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Apple's Own USB-C Peripherals Are Damned Expensive, But That Doesn’t Matter Anymore

Apple may also install a feature on iOS 17 that will allow users to limit the maximum battery charge to preserve battery health.

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Apple's thunderbolt 4 usb-c charging cable in Black
Apple’s new Thunderbolt 4 USB-C charging cable is selling for a whopping $69, but most people can much more easily find a cheaper, less intense cable now that iPhones will use USB-C.
Image: Apple

There’s a lot to say about the newly announced iPhone 15 lineup, but the one thing that has everybody talking is Apple’s switch to the standard USB-C charging port. It’s the first time the company has moved away from a proprietary charging port for its wildly lucrative smartphone.

That doesn’t mean the Cupertino company isn’t trying to make the most of the switch first announced at Tuesday’s Wonderlust event. The Apple Store is stuffed with a new bevy of USB-C cables and adapters, and most of them are pretty damn costly considering the bounty of cheaper, similar products out there for one of the most-used ports in consumer electronics. Take the $29 USB-C to Lightning Adapter. It’s a braided cable connecting a female lightning port to a male USB. It’s the same price as the USB to Lighting cable, but it’s three times as expensive as the Lightning to 3.5mm adapter for audio jacks.

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Apple products do usually go for a premium, but the move to USB-C does add an extra layer of price jacking for more common products. The 20W USB-C Wall Adapter sits at $20, while a 1-meter 60W weaved charging cable is going for $20. The 2-meter version goes for $30 and supports adapters that go up to 96W of charging. Both transfer data at USB-2 speeds, though the iPhone 15 Pro and Pro Max should support up to USB-3 speeds. At the top end, however, is the Thunderbolt 4 USB-C Pro cable going for $69. It supports charging up to 100W and USB 3 and USB 4 transfer speeds up to 40 GB/s.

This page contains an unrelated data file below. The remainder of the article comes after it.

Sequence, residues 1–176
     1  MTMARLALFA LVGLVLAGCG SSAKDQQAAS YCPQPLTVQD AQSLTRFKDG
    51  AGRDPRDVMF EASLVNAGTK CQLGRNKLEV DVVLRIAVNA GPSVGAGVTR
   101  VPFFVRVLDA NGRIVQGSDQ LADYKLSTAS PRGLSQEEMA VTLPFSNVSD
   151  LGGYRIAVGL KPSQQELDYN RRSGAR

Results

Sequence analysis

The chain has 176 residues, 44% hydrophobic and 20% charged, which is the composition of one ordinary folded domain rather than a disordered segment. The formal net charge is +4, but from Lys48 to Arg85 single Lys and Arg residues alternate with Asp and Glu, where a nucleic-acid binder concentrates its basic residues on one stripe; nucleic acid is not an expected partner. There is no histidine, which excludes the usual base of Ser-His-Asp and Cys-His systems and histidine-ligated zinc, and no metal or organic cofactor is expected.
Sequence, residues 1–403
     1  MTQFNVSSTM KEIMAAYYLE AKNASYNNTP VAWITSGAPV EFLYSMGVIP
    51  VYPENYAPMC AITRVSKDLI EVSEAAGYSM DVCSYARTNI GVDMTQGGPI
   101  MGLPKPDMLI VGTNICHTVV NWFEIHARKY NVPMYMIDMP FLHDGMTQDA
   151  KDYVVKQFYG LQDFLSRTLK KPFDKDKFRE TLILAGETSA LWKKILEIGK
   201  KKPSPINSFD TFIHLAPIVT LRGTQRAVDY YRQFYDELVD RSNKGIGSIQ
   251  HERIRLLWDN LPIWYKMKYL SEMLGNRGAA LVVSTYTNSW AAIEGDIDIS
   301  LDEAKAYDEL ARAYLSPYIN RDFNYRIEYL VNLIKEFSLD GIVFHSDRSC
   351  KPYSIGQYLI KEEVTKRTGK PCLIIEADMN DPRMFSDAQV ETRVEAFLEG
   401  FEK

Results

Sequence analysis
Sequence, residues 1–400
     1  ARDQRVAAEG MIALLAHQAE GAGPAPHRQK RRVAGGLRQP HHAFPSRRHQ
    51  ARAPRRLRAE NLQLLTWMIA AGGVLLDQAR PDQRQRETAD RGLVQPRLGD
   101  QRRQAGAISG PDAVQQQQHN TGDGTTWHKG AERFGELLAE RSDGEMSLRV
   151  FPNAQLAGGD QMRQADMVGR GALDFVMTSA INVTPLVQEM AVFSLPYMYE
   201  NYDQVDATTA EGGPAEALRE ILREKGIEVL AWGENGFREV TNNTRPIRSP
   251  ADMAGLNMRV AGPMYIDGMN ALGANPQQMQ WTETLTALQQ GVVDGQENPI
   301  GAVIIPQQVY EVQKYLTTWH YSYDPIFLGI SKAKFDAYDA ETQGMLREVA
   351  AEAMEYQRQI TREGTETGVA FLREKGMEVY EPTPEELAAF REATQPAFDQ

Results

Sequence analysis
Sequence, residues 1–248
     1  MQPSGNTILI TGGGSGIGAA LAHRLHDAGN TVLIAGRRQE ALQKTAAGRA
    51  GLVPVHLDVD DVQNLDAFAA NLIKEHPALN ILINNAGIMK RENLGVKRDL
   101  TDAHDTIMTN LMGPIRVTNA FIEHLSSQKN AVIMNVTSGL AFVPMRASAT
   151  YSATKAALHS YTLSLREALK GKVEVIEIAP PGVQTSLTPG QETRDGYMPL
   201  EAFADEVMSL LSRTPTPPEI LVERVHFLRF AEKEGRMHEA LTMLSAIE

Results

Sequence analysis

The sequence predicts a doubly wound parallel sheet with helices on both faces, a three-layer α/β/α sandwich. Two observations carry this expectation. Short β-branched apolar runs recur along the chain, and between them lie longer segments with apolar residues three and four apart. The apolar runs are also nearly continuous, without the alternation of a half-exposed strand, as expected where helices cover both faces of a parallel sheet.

None of this is to say you need anywhere near those speeds for charging (data transfer may be another story, depending on the user). Indeed, Apple seems more aware that users would prefer to preserve their battery, even if they don’t max out on charge. As found by 9to5Mac, code hidden inside the iOS 17 RC sent to app developers allows users to limit their max battery charges to less than a full 100%

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This feature will be found inside the Battery settings menu and gives users the option to customize at what limit the max charge will end. It also shows when a user last set their phone to the max recharge value. Since it’s on iOS 17, it’s unclear if this feature will be available to past iPhones as well, but as 9to5Mac pointed out, some users have complained that battery health has degraded faster on the iPhone 14 Pro than the company’s past devices.

Charging a lithium-ion battery to 100% makes it degrade faster, so this is indeed a welcome feature for a phone that’s now much easier to find a cable for. All the more expensive cables may be useful for some, but most of the folks who simply charge their phone while their asleep would prefer to have a longer battery than anything else.

At the end of the day, there will be people who just feel more comfortable buying direct from Apple and are fine with paying a premium. But now, you’re free to look elsewhere for all your charging needs.